"We Started to Run back to the Raft for Our Lives," 1902, Howard Pyle (1853-1911). Oil on canvas, 24 1/4 x 16 1/4 inches Delaware Art Museum, Museum Purchase, 1912.

"We Started to Run back to the Raft for Our Lives," 1902, Howard Pyle (1853-1911). Oil on canvas, 24 1/4 x 16 1/4 inches Delaware Art Museum, Museum Purchase, 1912.

It is a big week for us here at Norman Rockwell Museum, as we gear up to open our newest exhibition, Howard Pyle: American Master Rediscovered, on Saturday, June 9. Howard Pyle (1853-1911) is often referred to as the “grandfather of American illustration,” so what better venue to display his influential artwork than our Museum dedicated to the field of illustration? Organized by the Delaware Art Museum, which owns a substantial collection of  Pyle’s work, the exhibition features an outstanding selection of the artist’s best known and rarely seen paintings, drawings, prints, and archival materials that shed light on the artist’s career as a painter and a consummate storyteller in a changing world at the cusp of the 20th century.

You are certain to recognize Pyle’s artistic influence through his adventure-based illustrations of pirates, knights, historical scenes and fairy tales. We will be featuring a companion exhibition of artworks from Pyle’s students, which included N.C. Wyeth and Maxfield Parrish; the exhibition has been curated from our own permanent illustration collection (which includes some original Pyle artwork as well). Another artist who was greatly influenced by  Howard Pyle was Norman Rockwell, and we will be exhibiting his tribute to Pyle, the pirate-themed Family Tree (1959).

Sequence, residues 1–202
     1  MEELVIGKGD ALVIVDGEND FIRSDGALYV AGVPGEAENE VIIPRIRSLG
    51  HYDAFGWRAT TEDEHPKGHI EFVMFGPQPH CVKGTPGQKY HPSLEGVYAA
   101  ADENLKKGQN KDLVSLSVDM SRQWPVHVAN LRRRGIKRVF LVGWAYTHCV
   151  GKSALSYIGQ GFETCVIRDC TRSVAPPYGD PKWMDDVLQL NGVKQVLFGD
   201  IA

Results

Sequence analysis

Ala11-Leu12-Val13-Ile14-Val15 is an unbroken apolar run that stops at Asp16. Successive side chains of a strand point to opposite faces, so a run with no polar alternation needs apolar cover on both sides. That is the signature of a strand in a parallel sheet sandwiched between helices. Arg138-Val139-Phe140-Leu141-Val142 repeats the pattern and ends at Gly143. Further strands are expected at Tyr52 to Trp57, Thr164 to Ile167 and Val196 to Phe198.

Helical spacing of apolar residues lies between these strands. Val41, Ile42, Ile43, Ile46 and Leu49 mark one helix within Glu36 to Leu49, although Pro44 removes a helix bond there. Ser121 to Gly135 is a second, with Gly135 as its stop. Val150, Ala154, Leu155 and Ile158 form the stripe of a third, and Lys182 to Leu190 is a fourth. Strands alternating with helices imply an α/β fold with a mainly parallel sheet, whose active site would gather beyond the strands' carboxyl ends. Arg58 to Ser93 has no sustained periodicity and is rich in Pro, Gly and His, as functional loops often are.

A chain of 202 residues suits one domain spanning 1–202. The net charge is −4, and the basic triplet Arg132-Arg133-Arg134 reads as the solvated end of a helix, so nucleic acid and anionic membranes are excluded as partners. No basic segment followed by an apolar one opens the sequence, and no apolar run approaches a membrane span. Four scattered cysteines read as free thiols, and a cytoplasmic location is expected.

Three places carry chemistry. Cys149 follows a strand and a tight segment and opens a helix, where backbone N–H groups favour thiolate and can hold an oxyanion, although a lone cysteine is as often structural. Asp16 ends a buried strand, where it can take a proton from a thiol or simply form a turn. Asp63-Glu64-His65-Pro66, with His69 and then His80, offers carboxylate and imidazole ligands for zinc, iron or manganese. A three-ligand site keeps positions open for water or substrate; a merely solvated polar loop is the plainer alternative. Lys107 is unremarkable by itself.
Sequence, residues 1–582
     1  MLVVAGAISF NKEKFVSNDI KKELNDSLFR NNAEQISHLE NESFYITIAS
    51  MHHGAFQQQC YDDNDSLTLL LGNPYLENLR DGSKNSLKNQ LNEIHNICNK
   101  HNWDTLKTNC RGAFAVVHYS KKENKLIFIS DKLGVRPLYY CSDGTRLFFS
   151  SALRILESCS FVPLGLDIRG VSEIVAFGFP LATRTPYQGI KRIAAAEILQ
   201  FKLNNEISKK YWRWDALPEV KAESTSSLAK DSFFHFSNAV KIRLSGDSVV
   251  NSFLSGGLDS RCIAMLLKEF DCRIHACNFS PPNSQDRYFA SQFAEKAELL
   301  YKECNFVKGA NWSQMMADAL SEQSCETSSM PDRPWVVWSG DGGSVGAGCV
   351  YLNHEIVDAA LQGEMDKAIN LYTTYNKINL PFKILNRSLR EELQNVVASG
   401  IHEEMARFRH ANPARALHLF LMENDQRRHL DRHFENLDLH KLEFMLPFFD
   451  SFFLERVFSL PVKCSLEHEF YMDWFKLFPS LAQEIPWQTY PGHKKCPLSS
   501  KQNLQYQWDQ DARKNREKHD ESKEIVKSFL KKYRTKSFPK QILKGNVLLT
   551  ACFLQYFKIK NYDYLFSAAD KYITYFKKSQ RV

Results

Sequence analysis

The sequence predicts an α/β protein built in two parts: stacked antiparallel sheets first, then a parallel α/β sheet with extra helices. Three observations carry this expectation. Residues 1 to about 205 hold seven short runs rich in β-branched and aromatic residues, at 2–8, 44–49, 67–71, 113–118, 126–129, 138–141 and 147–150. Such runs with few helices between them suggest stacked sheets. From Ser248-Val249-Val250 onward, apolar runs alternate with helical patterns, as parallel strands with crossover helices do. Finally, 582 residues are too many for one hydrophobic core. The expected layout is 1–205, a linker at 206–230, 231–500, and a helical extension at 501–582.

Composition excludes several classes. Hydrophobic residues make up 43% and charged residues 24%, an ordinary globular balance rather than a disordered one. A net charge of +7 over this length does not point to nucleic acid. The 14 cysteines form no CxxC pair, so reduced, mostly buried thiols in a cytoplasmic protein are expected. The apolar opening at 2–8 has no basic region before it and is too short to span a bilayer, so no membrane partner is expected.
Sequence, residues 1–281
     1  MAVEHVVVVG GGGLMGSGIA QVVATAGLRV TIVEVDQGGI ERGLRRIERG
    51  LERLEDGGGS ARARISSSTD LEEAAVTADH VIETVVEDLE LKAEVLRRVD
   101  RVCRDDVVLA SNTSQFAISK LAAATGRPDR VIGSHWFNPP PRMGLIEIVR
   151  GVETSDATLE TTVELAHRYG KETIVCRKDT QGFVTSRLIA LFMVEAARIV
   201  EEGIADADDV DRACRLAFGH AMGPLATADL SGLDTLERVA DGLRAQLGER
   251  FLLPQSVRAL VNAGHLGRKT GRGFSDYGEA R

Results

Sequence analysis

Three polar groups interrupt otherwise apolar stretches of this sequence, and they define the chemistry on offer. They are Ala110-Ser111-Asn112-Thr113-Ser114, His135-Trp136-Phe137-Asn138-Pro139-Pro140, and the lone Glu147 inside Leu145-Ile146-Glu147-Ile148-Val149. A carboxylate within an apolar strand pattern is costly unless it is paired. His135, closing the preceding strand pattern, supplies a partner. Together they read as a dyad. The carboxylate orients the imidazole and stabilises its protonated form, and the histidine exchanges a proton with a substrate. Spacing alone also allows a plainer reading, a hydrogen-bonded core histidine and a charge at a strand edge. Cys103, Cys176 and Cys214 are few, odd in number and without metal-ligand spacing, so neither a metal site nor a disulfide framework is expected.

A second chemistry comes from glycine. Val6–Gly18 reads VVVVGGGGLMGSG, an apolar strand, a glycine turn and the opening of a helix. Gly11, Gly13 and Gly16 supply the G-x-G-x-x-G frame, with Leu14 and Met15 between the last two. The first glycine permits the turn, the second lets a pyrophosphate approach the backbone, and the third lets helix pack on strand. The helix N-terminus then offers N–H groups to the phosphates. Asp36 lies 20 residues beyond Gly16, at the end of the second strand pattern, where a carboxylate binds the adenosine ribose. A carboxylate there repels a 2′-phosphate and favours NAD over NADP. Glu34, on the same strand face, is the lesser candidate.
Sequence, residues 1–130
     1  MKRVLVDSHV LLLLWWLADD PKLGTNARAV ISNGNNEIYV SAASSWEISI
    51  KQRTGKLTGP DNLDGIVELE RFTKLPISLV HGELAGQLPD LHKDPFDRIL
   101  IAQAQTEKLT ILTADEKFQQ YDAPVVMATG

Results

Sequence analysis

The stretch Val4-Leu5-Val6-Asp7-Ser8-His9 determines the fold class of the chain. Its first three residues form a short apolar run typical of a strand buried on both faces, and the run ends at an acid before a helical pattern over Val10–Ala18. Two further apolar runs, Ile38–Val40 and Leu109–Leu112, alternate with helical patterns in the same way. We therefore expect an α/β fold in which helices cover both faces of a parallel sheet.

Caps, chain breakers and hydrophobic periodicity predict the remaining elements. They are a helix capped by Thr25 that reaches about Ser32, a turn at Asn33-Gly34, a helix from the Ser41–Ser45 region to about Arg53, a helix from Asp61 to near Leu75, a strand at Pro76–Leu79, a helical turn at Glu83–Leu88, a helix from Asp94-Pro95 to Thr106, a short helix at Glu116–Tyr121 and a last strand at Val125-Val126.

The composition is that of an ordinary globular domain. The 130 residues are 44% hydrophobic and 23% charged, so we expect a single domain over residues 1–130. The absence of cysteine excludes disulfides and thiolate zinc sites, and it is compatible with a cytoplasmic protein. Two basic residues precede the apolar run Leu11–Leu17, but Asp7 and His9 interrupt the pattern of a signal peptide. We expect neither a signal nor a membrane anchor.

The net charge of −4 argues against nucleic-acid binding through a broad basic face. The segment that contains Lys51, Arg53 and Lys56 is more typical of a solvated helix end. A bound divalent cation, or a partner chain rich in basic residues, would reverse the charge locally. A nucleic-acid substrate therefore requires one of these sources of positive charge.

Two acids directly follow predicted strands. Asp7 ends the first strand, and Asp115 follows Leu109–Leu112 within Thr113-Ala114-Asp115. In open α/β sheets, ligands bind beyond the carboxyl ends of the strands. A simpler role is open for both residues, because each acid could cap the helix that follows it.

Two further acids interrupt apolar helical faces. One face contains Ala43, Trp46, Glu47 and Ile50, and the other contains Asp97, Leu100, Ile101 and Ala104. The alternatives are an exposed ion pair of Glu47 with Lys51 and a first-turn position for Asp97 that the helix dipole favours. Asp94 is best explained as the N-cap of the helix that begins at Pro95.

The opening for Howard Pyle: American Master Rediscovered will take place Saturday, June 9, from 6 to 11 p.m., and include remarks from Margaretta S. Frederick, Chief Curator/Curator of the Samuel and Mary R. Bancroft Collection at Delaware Art Museum; the dedication of Norman Rockwell Museum’s “Distinguished Scholar Award” to Walt Reed of Illustration House; and our Swagger & Dagger Dance Party, featuring the lively sounds of the Berkshire Bateria, and a special pirate treasure auction to benefit the Museum. Howard Pyle: American Master Rediscovered is made possible by Henry Luce Foundation, Foundation Sponsor, and Wyeth Foundation for American Art.

Left: "Pirate Dreaming of Home," 1924, Norman Rockwell (1894-1978). Cover illustration for "The Saturday Evening Post," August 30, 1924. Norman Rockwell Museum Digital Collections. ©SEPS: Curtis Publishing, Indianapolis, IN.   Right: "The Buccaneer Was a Picturesque Fellow" (detail) , 1905, Howard Pyle (1853-1911) Oil on canvas, 30 1/2 x 19 1/2 inches Delaware Art Museum, Museum Purchase, 1912.

Left: "Pirate Dreaming of Home," 1924, Norman Rockwell (1894-1978). Cover illustration for "The Saturday Evening Post," August 30, 1924. Norman Rockwell Museum Digital Collections. ©SEPS: Curtis Publishing, Indianapolis, IN. Right: "The Buccaneer Was a Picturesque Fellow" (detail) , 1905, Howard Pyle (1853-1911) Oil on canvas, 30 1/2 x 19 1/2 inches Delaware Art Museum, Museum Purchase, 1912.

We have exciting news about an upcoming loan of original Norman Rockwell art—more details soon. In the meantime, enjoy selections from our permanent collection of Norman Rockwell and illustration art, Rockwell’s entire set of 323 Saturday Evening Post covers, and the artist’s original Stockbridge studio, now open to the public. Learn more about Rockwell’s work during our special curatorial conversation, “Norman Rockwell: Humorous Tales and Little Known Facts,” being held this Friday, June 8, at 2:30 p.m. Curator of Education Tom Daly will offer an illustrated look at Rockwell’s unique brand of humor. Free with Museum admission, members free.

We look forward to seeing you this week at Norman Rockwell Museum—your home for American illustration art.

 

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